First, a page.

Migration, Mobility, and Acculturation in the Jewish Community of a South-West Hungarian Town in the Mid-19th Century

Principal investigator: Máté Tamás

Period: September 2018 - June 2019

Grant, funding agency: HAS-SYLFF

In the course of the project, I carried out analyses concerning the demographic processes and family and household structure of the Jewish population of Nagykanizsa, a town in South-West Hungary, addressing the following questions: 1.) what characterized the family and household structure of the Jewish population, and whether they differed in these respects from the non-Jewish population? 2.) What was the proportion of immigrants to locally-born individuals among the local Jewish population? 3.) When and from which direction did the migration to the settlement take place? The analysis is based on the census of the Jewish population from 1848. This census, containing data collected almost simultaneously from such a large region and with identical categories, enables a comparative research of the Jewish population. I compared the statistical data from the Jewish population of Nagykanizsa and Pápa, both situated in West Hungary. The two largest Jewish communities in the 19th-century West Hungary were formed in these two settlements. Data on the Jewish population of Pápa are contained in the book Réka Jakab, Bérlőből polgár: Pápa város zsidó közösségének társadalom- és gazdaságtörténete, 1748–1848 (2014) [From Tenantry to Bourgeoisie: The Social and Economic History of the Jews of the City of Pápa, 1748–1848]. Statistical data on the population and mobility of the Jewish community are from the 1848 Jewish census. The primary goal of this census was to reconsider residence permits related to the residence rights defined by the Act XXIX of 1840. The decree no. 1261 signed by the minister of interior, Bertalan Szemere on May 13, 1848, after the census of Jews in Pest, extended the census of the Jews to the entire country (except Transylvania and Croatia). The decree was sent to royal free towns and counties, which then had two months to conduct it. The data recording with regard to the Jewish population was carried out using printed forms with pre-determined categories. The census was recorded by households, defined by the head of the household – accordingly, it included members of the family as well as unmarried relatives, servants and employees. The census included the following fields: 1) names of family members, 2) age, 3) place of birth (country, town), 4) whether they had a residence permit, 5) if not, then for how long they had lived in the country and in the given town, 6) source of income, 7) personal behaviour, 8) comments.

Main results:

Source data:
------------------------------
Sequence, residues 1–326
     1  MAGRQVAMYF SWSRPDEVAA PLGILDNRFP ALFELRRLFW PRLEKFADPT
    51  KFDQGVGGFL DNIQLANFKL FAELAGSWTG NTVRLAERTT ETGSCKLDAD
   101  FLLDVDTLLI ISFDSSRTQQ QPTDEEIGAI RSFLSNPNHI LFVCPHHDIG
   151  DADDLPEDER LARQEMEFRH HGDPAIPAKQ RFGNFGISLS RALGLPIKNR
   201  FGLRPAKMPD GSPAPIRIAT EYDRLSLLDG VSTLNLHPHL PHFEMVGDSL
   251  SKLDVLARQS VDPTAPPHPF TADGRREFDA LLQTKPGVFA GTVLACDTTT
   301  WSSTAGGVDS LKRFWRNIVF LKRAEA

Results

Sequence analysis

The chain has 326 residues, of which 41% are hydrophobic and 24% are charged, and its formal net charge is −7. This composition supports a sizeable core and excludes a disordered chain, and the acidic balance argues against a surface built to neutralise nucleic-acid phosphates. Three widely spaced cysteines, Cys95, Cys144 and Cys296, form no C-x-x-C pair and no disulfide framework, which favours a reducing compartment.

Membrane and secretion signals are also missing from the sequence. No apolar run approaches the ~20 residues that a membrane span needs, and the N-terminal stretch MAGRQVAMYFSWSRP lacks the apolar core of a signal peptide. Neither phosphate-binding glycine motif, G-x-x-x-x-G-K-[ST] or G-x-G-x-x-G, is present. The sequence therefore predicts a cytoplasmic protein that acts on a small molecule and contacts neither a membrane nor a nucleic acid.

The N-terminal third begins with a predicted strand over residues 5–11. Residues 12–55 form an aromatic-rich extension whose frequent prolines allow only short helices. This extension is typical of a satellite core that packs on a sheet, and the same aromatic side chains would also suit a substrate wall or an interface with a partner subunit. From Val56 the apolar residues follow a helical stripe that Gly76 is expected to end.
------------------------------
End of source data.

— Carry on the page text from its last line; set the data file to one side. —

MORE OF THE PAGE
According to the Jewish census of 1848, the total Jewish population was 1704 individuals (nearly 17% of the total town population) and the total number of households was 371 in the Jewish community of Nagykanizsa; the total Jewish population was 2962 persons (approximately 24% of the total town population) and the total number of households was 609 in the Jewish community of Pápa. The typical family and household structure of the Jewish population were similar to those of the non-Jewish population in Hungary. The high proportion (nearly 70% of the total Jewish population both in Nagykanizsa and Pápa) of the under 30 age group was typical before the Demographic Transition. The average size of households in the Jewish population of Nagykanizsa was slightly below the average of 5 persons and the surplus (over 91% in Nagykanizsa and nearly 84% in Pápa) of nuclear-family households vis-à-vis extended and multiple-family households were demonstrated. According to the data, there was a 1.40% male over-representation in the total Jewish population of Nagykanizsa; in Pápa, however, there was a 3.74% female over-representation.  In both settlements, there was a surplus of middle-aged and elderly men vis-á-vis women of the same age group – except under 30 age, nevertheless, both were typical of the pre-industrial population. Based on the local marriage customs, the Ashkenazic Jewish population followed the Western European patterns where the females married over 20 years of age. Both in Nagykanizsa and Pápa, nearly 80% of the total Jewish population was locally-born and slightly more than 20% settled or temporarily resident in there. Regarding the direction of migration, it can be stated that the majority of immigrants came from the given county (Zala in the case of Nagykanizsa, and Veszprém in the case of Pápa) or from the neighbouring counties. In the 1820–1830s significant immigration started, nevertheless, taking into account the under 30 age group who were born locally, it is clear that the population growth was internal affected only marginally by immigration.